For immediate release — Oct. 13, 2011
(DALLAS) — Among the treasures sprinkled through the Discovery Gardens at the Texas State Fair are whimsical flowers, lily pads, coppery cogs and even a childlike crescent moon. They don’t bend with the wind, but sunshine brings out shiny metals that reflect the talents of the Dallas County Community College District students who created them. Every piece is made from “found” objects, too — recycled or repurposed materials.
Those students — from the Bill J. Priest campus of El Centro College — are welded to their artwork. They designed, cut, soldered and polished a variety of metallic creations that blend well in the gardens. From palm fronds and petals to insects and turtles, their work attracts guests and transports them from trees and plants to the moon and back again.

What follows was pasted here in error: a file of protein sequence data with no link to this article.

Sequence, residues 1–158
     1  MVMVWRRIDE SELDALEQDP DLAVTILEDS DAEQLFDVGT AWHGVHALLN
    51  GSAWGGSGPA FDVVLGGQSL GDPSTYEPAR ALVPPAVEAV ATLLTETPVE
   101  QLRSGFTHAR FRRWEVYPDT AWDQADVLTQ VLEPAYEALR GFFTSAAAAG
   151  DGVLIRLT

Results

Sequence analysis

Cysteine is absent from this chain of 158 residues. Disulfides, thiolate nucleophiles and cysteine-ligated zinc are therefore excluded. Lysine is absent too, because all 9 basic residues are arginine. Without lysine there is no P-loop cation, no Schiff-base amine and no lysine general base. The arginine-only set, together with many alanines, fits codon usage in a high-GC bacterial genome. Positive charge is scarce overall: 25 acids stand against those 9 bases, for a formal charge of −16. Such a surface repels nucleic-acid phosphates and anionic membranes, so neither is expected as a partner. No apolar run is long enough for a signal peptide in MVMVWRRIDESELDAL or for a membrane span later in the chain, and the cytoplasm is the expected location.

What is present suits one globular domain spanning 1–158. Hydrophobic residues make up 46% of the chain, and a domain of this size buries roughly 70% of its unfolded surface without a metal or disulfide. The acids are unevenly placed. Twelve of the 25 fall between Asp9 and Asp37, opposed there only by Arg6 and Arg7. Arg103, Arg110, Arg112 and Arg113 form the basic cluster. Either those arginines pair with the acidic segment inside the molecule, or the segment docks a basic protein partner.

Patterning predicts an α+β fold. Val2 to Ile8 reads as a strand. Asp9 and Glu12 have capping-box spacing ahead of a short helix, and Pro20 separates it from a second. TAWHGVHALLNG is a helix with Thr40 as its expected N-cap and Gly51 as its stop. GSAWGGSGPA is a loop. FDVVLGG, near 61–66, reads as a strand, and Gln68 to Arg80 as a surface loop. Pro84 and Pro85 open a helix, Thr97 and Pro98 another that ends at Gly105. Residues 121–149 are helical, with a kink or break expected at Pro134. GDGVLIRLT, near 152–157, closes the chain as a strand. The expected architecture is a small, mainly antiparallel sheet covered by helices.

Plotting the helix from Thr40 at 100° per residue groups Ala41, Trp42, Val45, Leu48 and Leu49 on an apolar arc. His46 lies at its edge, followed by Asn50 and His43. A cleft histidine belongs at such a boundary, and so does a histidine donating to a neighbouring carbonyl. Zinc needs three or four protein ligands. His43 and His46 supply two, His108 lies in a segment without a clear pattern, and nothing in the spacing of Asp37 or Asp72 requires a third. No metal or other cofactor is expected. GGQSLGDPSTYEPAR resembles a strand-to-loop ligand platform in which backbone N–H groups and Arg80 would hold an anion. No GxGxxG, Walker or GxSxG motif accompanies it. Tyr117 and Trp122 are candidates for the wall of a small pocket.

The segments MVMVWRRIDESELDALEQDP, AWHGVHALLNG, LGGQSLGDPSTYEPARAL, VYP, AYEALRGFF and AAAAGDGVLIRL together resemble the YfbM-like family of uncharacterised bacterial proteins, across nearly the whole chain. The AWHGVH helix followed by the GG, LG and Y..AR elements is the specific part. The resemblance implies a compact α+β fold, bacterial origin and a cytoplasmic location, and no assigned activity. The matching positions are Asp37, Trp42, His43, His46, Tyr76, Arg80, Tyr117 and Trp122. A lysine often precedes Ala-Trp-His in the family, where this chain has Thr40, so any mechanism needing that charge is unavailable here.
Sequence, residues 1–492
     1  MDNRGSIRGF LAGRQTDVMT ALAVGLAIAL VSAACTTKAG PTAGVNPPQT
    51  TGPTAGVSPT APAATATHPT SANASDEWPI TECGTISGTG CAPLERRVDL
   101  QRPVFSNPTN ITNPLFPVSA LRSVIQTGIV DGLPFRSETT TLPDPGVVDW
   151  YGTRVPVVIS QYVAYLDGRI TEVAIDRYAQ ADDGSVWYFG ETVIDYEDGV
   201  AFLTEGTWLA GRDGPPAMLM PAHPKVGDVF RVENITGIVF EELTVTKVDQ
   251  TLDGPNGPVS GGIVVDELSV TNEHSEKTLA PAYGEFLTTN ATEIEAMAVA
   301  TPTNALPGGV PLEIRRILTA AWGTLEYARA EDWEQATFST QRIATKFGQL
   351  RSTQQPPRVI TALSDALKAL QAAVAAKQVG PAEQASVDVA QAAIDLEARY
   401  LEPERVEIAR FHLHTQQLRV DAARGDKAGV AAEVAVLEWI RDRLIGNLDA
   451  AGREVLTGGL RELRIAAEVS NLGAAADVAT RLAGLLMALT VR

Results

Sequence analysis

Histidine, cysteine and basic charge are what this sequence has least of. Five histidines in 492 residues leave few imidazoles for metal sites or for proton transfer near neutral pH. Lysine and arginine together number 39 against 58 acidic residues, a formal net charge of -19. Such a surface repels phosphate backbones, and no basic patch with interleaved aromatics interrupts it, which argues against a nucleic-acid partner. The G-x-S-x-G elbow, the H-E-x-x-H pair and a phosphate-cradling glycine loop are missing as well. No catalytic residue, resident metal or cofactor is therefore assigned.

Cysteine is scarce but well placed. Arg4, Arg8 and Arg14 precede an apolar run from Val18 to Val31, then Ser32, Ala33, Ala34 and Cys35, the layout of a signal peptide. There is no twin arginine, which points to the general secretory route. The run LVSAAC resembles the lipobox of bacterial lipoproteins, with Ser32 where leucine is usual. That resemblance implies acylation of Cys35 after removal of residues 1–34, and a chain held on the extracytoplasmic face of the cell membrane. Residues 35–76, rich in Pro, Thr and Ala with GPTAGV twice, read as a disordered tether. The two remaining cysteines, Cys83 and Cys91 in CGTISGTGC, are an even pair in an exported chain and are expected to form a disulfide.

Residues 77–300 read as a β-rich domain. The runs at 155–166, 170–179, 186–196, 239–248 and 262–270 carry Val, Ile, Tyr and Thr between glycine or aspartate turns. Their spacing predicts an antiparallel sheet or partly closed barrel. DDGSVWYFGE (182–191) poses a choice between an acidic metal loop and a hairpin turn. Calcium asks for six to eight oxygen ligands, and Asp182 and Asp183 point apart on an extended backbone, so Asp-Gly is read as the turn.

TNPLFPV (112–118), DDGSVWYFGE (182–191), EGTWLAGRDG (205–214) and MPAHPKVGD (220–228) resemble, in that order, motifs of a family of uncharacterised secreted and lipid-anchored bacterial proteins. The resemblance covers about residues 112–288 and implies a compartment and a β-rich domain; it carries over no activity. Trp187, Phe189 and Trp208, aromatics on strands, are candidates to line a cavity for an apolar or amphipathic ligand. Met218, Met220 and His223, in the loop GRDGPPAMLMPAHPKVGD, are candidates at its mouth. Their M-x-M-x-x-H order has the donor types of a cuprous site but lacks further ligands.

El Centro’s art metals program “is extensive and is designed for serious artists who are interested in metal work,” said Zarrabi. Classes include welding safety, tools and equipment; intermediate welding (using multiple processes); metal sculptures; and studio problems in art metals. “We will offer a shorter version of this program as the demand increases,” added Zarrabi.
Following the installation in the Discovery Gardens at the State Fair of Texas, Zarrabi was approached by the Cedars Neighborhood Association (a group that is active in the area surrounding the Bill J. Priest campus, where the program is based) with a request to have some of the art metals students place their works in the neighborhood for everyone to enjoy.
For more information about the program, contact Zarrabi at (214) 860-5880.
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Press contact: Ann Hatch214/378-1819;